A MAN who made his name in both the business and the sporting worlds has died.
Harry Micklethwaite died at his home at Kitchenroyd, Denby Dale, aged 83 on February 23.
He was born in Kirkburton and always saw himself as a "Burtoner" despite living much of his life in Skelmanthorpe and at his present home near Denby Dale.
He was always interested in sport and represented the village of his birth both at football and cricket. In later life he became an accomplished golfer.
He was held in such high esteem that he held the office of president at both Kirkburton and Skelmanthorpe Cricket Clubs.
It was in the world of print that he achieved most fame. He served one company throughout his working life and piloted it to its position as one of the top six business form producers in the United Kingdom.
Little would he have thought when he was pedalling his pushbike the four or so miles to Cuttlehurst Mills at Scissett that he would have achieved such fame.
Hirst Buckley, a company that bore the founder's name, was established in 1899. It was carried on by Buckley's two sons and had established modest growth.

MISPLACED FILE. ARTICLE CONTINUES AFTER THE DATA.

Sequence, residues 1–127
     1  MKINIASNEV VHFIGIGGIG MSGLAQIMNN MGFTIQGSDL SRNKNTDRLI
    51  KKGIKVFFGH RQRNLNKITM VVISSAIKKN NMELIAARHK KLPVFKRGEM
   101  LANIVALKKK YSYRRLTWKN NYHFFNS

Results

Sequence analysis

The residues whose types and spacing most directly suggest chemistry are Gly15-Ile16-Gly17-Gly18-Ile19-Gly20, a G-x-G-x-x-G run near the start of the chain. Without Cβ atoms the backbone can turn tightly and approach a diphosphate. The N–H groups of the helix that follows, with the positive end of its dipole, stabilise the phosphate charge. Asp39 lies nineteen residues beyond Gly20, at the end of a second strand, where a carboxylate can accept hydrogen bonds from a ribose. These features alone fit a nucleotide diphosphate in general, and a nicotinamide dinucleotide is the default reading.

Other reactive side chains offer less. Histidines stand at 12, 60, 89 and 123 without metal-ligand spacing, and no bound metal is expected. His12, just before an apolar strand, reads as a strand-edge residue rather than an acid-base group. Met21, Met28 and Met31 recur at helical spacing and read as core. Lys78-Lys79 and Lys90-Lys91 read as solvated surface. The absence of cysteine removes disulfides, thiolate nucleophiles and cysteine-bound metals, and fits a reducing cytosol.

It had all started with a small Arabian printing machine that still holds pride of place as a museum piece in the reception area of the present company.
It is highly likely that Harry operated that machine in between making tea and running errands for his colleagues in his early days.
He went on to operate every machine in the building.
He served in the RAF during World War Two and on his return to civvy street he was back at Hirst Buckley, where he eventually became managing director.
He was chairman of the Institute of Printers and on the committee of the Printers Charity Corporation.
His interest in sport continued with his active support of the Hirst Buckley football team that set the District League alight in the mid 1960s.
Hirst Buckley joined Roneo Vickers and Harry reached the zenith of his business career by being invited to join the main Vickers board.
The company had a big setback on July 2 1973 with a major fire that destroyed much of Cuttlehurst Mill.
Business continued and within two years there was a brand new factory at Park Mill that contained all the new generation of printing machines.
A change of policy by Vickers saw Harry looking for a new home for the company and in February 1984 it joined John Waddingtons of Monopoly fame.
He celebrated his golden wedding on May 15, 1998 but sadly lost his wife, Phyllis a short while afterwards.
The couple had one daughter, Anne.